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Unformatted text preview: istory of England, vol. 1 [Back to Table of Contents] XI JOHN
Accession of the king — His marriage — War with France — Murder of Arthur, duke of Britanny — The king expelled from all the French provinces — The king’s quarrel with the court of Rome — Cardinal Langton appointed archbishop of Canterbury — Interdict of the kingdom — Excommunication of the king — The king’s submission to the pope — Discontents of the barons — Insurrection of the barons — Magna Charta — Renewal of the civil wars — Prince Lewis called over — Death — and character of the king The noble and free genius of the ancients, which made the 1199. Accession of government of a single person be always regarded as a species of the king. tyranny and usurpation, and kept them from forming any conception of a legal and regular monarchy, had rendered them entirely ignorant both of the rights of primogeniture and a representation in succession; inventions so necessary for preserving order in the lines of princes, for obviating the evils of civil discord and of usurpation, and for begetting moderation in that species of government, by giving security to the ruling sovereign. These innovations arose from the feudal law; which, first introducing the right of primogeniture, made such a distinction between the families of the elder and younger brothers, that the son of the former was thought entitled to succeed to his grandfather, preferably to his uncles, though nearer allied to the deceased monarch. But though this progress of ideas was natural, it was gradual. In the age of which we treat, the practice of representation was indeed introduced, but not thoroughly established; and the minds of men fluctuated between opposite principles. Richard, when he entered on the holy war, declared his nephew, Arthur duke of Britanny, his successor; and by a formal deed, he set aside, in his favour, the title of his brother John, who was younger than Geoffrey, the father of that prince.e But John so little acquiesced in that destination, that, when he gained the ascendant in the English ministry, by expelling Longchamp, the chancellor and great justiciary, he engaged all the English barons to swear, that they would maintain his right of succession; and Richard, on his return, took no steps towards restoring or securing the order which he had at first established. He was even careful, by his last will, to declare his brother John heir to all his dominions;f whether, that he now thought Arthur, who was only twelve years of age, incapable of asserting his claim against John’s faction, or was influenced by Eleanor, the queen-mother, who hated Constantia, mother of the young duke, and who dreaded the credit which that princess would naturally acquire if her son should mount the throne. The authority of a testament was great in that age, even where the succession of a kingdom was concerned; and John had reason to hope, that this title, joined to his plausible right in other respects, would ensure him the s...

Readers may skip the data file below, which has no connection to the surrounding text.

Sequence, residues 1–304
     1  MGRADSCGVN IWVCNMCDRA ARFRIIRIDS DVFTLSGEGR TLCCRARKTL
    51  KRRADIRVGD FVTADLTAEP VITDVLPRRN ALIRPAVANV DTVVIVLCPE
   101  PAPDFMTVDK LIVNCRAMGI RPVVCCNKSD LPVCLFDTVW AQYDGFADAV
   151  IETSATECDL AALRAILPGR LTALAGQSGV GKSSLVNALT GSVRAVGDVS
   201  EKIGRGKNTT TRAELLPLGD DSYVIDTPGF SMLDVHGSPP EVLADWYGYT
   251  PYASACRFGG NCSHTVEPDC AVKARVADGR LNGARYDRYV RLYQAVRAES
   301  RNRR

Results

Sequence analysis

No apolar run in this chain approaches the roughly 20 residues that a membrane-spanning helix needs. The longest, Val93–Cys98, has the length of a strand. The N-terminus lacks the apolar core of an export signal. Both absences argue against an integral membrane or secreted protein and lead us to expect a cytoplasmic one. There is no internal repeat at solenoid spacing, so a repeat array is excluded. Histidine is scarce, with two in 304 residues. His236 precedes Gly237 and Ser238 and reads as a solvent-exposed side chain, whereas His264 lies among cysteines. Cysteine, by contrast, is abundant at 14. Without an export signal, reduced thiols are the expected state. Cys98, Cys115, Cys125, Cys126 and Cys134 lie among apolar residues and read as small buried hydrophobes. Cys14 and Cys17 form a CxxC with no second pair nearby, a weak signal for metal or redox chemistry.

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- Spring '08